Blue Haze: Songs of Jimi Hendrix

Blue Haze: Songs of Jimi Hendrix


First Appeared in The Music Box, February 2001, Volume 8, #2

Written by John Metzger


In the years that have passed since Jimi Hendrix's death, countless artists have paid tribute to the legendary guitarist both on stage and in the recording studio. There is no question that his influence has reverberated throughout the music business, regardless of genre an amazing feat given he only released a handful of albums while he was alive.


The latest memorial to Hendrix's music is Blue Haze, which collects newly recorded cover material from the likes of Alvin Youngblood Hart, Eric Burdon, Michelle Shocked, Walter Trout, and others. This set is an intriguing compilation due to the fact that it focuses on some of Hendrix's lesser-known material while largely forgoing any attempts to imitate his guitar pyrotechnics with the notable exception of Eric Gales' churning take on Voodoo Chile and three tracks with guitarist Walter Trout. In many hands, this might be a disaster waiting to happen, but both Trout and Gales are more than capable of emulating Hendrix's incendiary leads while imprinting them with their stylistic sense. On the rest of the songs, guitar solos aren't completely absent, but they thankfully are subdued more than one might expect. Consequently, it's Hendrix's sense of a tuneful phrase and his deft songwriting skill that garner the attention and deservedly so.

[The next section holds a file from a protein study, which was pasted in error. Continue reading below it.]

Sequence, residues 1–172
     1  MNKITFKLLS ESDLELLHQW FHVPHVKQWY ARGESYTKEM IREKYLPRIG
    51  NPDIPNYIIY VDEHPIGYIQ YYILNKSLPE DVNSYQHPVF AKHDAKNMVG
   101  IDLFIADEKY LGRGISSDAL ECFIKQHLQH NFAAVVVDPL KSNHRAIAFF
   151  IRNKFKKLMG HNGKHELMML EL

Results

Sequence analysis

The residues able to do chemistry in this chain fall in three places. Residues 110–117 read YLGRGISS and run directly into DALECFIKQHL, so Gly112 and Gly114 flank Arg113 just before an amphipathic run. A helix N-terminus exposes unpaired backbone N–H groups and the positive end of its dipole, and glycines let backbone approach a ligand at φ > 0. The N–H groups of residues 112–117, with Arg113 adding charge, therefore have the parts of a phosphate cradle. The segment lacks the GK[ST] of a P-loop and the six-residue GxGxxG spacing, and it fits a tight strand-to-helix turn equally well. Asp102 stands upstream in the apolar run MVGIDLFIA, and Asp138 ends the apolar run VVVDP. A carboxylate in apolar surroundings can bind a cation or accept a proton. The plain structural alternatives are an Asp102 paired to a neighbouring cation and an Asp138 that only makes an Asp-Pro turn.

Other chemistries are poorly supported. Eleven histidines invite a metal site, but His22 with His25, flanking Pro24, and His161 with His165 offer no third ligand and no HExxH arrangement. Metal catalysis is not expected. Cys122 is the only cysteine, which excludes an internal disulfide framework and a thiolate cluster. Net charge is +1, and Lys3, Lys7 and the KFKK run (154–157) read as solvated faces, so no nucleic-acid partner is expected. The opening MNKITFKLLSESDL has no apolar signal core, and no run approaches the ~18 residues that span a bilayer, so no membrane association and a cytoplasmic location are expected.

Of course, as with most tribute albums, not everything on Blue Haze works. Eric Bibb's rendition of Angel lacks the beauty of Hendrix's own rendition and instead sounds like an adult contemporary pop ballad. Likewise, Friend 'n' Fellow manages to turn Purple Haze into a throwaway track, and Eric Burdon's Third Stone from the Sun imposes a spoken word piece over the gorgeous instrumental, mutilating it in the process.

But the majority of the album does find a way to take Hendrix's music in some new and interesting directions. Burdon's delivery of I Don't Live Today packs all the fire of the original; Taj Mahal jazzes up Bob Dylan's All Along the Watchtower; and Michelle Shocked completely reinvents and reinvigorates House Burning Down. Though nothing can surpass Hendrix's readings of his own material, this set does a more than adequate job of paying tribute. starstarstar


Of Further Interest...

Bob Dylan - Modern Times

Jimi Hendrix - At Last...The Beginning: The Making of Electric Ladyland (DVD)

Taj Mahal - Maestro



1 Star: Pitiful
2 Stars: Listenable
3 Stars: Respectable
4 Stars: Excellent
5 Stars: Can't Live Without It!!


Copyright 2001 The Music Box